Smith’s amply-documented, cogently argued case brings an insightful perspective on developments in our world.
* * * * * * * * * * * * * * * * * * * * * * * *
In 1939 T.S. Eliot delivered a series of three lectures at Cambridge University, published the following year as The Idea of a Christian Society (New York: Harcourt, Brace & World, Inc., c. 1940). Though noting the “difficulties of the moment,” as Europe stood on the cusp of WWII, he insisted on addressing more urgent, fundamental issues, looking at things with a long lens and seeking to understand them. He made no pretense to be a scholar or pundit, simply a poet trying the plumb the inner essence of what made Europe Europe—a Christian Society forged in Medieval times that was rapidly being displaced by what some thinkers judged a Pagan Society birthed by modernity. That had not finally occurred, he thought, but he wondered if the once-prevailing Christian Society had any hope of resurgence. To be clear, Eliot believed that a real Christian “can be satisfied with nothing less than a Christian organization of society—which is not the same thing as a society consisting exclusively of devout Christians. It would be a society in which the natural ends of man—virtue and well-being in community—is acknowledged for all, and the supernatural end—beatitude—for those who have the eyes too see it” (p. 27).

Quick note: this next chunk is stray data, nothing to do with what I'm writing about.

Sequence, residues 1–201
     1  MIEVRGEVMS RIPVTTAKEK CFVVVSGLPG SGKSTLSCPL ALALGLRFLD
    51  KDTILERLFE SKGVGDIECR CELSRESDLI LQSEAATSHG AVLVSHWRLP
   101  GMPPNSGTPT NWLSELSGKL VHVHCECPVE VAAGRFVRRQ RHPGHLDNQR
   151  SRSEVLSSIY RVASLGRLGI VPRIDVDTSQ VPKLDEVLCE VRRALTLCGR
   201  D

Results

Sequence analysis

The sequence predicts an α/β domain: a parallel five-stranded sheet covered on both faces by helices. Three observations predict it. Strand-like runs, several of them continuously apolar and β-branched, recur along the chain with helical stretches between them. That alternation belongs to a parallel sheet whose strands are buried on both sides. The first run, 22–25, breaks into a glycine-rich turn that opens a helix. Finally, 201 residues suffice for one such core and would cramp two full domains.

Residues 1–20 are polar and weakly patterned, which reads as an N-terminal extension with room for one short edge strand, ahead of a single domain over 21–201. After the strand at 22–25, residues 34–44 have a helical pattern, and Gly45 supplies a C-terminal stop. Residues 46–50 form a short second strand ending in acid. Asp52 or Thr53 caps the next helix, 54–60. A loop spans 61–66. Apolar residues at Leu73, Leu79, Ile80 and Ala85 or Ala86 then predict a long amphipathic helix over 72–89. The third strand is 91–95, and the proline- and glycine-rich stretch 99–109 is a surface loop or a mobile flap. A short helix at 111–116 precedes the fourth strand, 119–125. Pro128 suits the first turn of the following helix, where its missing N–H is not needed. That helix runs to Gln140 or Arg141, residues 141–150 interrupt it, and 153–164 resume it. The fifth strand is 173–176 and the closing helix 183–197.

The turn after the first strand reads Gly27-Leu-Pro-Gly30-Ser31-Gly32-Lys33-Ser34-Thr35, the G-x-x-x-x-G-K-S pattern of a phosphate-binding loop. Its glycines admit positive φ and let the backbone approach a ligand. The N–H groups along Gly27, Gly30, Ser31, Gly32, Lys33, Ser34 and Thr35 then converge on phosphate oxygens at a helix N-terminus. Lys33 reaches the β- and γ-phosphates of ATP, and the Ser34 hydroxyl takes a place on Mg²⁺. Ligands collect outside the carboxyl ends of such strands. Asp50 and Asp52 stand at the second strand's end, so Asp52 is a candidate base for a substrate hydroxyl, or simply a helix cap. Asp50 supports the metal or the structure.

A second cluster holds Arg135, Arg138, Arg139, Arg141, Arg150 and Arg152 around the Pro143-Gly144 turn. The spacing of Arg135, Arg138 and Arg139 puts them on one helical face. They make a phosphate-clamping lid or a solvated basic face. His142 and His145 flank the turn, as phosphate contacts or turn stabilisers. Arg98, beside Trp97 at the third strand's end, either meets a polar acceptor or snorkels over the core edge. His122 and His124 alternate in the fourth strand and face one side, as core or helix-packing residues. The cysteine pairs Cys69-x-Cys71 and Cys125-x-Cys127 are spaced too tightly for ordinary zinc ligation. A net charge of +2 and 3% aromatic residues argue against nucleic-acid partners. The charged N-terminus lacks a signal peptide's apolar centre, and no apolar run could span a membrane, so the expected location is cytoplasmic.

Such a society would feature many factors, synthesizing subsidiary “units of the community,” including family, workplace and church. But its most notable feature would be education. Indeed: “A nation’s system of education is much more important than its system of government; only a proper system of education can unify the active and contemplative life, action and speculation, politics and the arts” (p. 33). Unfortunately, education had become equated with “instruction,” generally of a utilitarian sort. The sidelining of the liberal arts so evident in today’s universities was clearly on Eliot’s mind! Still more, he understood that wherever the state takes control education becomes a tool for indoctrination, making youngsters devotees of the political regime. But “a Christian Society education must be religious,” not in that it is controlled by the clergy or committed to doctrinal indoctrination, “but in the sense that its aims will be directed by a Christian philosophy of life” (p. 30).